Where are all the new CRISPR human embryo papers?

Last year I heard from several sources that there somewhere between 3-5 unpublished manuscripts reporting the use of CRISPR gene targeting in human embryos being shopped around at various journals in addition to the one that had been published. Since that time we’ve seen a grand total of one additional paper reporting on CRISPR of human embryos.

So what gives?

Were the sources wrong?

I don’t think so and I believe there are additional labs pursuing research on the use of CRISPR in human embryos.

Depending on the context, the oversight, and the training of those involved, there may be nothing wrong with these studies at all. In fact, they could be positive and teach us a lot if the teams are careful. However, CRISPR’ing human embryos without a good rationale and appropriate oversight is unwise. I also cannot imagine supporting use of CRISPR with the intent to make a modified new human being for many years to come if ever. You can learn more about the history of genetic modification and my views as well as those of CRISPR leaders in my new book, GMO Sapiens.

So where are all the CRISPR human embryo papers? I can think of a few main reasons why we haven’t seen more so far.

embryo human
Wikimedia Photo

Editors as gatekeepers? One possible reason we haven’t seen more CRISPR’d human embryo papers is that journal editors are reluctant to publish them and are acting as essentially gatekeepers for this kind of work. If true, what are the potential risks or benefits of such a de facto filtering system and what is the basis by which the editors are making such decisions?

Outcomes of first 2 pubs discouraged more? Another possibility is that other research teams have been discouraged by the first two papers reporting CRISPR use in human embryos. I can see at least two levels at which those considering working and publishing in this area might be reluctant to proceed because of the first two papers. On the one hand, both papers reported technical challenges with this research, which was discouraging. On the other hand, both papers were heavily criticized by some.

NAS Meeting deterrent? In between the two papers, the National Academy of Sciences held its big DC meeting that concluded with a somewhat moderate warning that it would be unwise for people to use CRISPR in the human germline, but that research limited to the lab is OK. Could that have discouraged people from doing CRISPR in human embryos and publishing it? I kind of doubt it.

Tough reviewers? Finally, it is possible that more papers reporting the use of CRISPR in human embryos are coming soon, but reviewers rightly have high expectations for these papers to use the latest CRISPR technology and be very rigorous.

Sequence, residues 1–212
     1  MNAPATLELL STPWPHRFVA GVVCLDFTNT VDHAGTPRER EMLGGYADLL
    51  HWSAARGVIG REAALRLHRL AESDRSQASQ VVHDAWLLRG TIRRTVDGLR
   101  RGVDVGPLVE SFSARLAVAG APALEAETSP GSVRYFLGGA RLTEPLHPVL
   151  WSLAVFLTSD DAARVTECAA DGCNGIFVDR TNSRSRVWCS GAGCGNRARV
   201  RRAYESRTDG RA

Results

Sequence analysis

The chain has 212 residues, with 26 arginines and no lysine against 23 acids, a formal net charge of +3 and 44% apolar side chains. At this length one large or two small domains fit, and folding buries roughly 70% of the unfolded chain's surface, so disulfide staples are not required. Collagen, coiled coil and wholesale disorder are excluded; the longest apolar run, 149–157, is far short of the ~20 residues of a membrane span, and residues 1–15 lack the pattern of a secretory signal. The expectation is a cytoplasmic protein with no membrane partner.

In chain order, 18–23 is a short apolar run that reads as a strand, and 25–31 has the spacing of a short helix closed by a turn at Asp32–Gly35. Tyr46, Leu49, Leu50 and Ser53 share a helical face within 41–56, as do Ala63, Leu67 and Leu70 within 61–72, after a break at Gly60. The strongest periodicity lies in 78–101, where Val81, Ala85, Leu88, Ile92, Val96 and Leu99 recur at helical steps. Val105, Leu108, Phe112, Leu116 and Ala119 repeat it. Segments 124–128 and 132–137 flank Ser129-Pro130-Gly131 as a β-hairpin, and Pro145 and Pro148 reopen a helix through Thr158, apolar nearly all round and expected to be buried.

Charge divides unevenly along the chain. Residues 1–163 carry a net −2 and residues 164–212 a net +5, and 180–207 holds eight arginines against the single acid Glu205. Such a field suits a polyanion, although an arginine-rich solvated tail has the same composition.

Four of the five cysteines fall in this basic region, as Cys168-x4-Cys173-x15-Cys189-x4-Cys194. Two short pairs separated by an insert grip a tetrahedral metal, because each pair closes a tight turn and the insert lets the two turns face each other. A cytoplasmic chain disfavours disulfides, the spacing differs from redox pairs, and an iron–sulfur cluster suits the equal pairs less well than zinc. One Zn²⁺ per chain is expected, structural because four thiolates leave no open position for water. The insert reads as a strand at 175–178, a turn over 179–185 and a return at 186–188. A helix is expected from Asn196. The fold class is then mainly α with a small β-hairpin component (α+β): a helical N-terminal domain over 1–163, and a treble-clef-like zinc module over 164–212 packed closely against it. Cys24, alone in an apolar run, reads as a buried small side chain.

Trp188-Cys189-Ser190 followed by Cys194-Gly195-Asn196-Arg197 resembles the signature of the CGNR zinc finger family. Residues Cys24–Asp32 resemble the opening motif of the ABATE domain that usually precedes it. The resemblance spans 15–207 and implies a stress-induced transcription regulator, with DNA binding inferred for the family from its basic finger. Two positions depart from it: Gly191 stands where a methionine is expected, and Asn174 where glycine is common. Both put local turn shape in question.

It could also be some combination of these things together or some other factor. One way or another, more of these papers are coming sooner or later. I hope that the research will have been done with proper approvals, oversight, and ethics training plus that these papers teach us new, important things both about human development and about CRISPR itself. See my ABCD plan for responsible use of CRISPR in a human embryo  context.

4 thoughts on “Where are all the new CRISPR human embryo papers?”

  1. Is it possible that the people producing these papers were persuaded to pursue commercial endeavors with their innovations, and persuaded as well to keep them under wraps to avoid assisting potential competitors?

    While the main topics of these papers seem unlikely to point towards a commercial product, is it possible that some of their key innovations could?

    1. Anonymous Stem Cell Repairman

      I’m honestly hard pressed to come up with any “key innovations” that the theoretical authors in question would come up with. I would think for human embryo manipulation a lot of credit for a successful experiment comes down to how good the injectionist is.

      It’s much more likely that the papers will just be replication-type studies at different genomic loci with no real innovations and the papers are being submitted (and rejected) at “high-impact” journals.

  2. good. All research in anything involving designer babies should be halted. I am glad to see people are being proactive in stopping it before the government steps in and bans it outright.

    There is no point at all in researching the possibility of altering embryos unless you plan to produce designer babies at some point.

  3. Anonymous Stem Cell Repairman

    The extremely cynical v.iew would be the authors are trying to get these in Nature, Cell, Science, which don’t want them because the shock value (and by extension ad revenue) ain’t there anymore. It wouldn’t be the absolute first paper, so who would care?

    The (slightly) less cynical view goes with one of the BSD gatekeepers telling the editors to reject these papers on ethical grounds (while simultaneously working on the idea themselves).

    The scientific view might be the papers are just not interesting. What would the advance be? Off-targets were (shoddily) analyzed. Cleavage was demonstrated. It would probably have to be a developmental mutant paper, which may just recapitulate stuff developmental biology already knew or be a screen for human development.

    Who knows, maybe they’ll just show up in PLoS ONE eventually?

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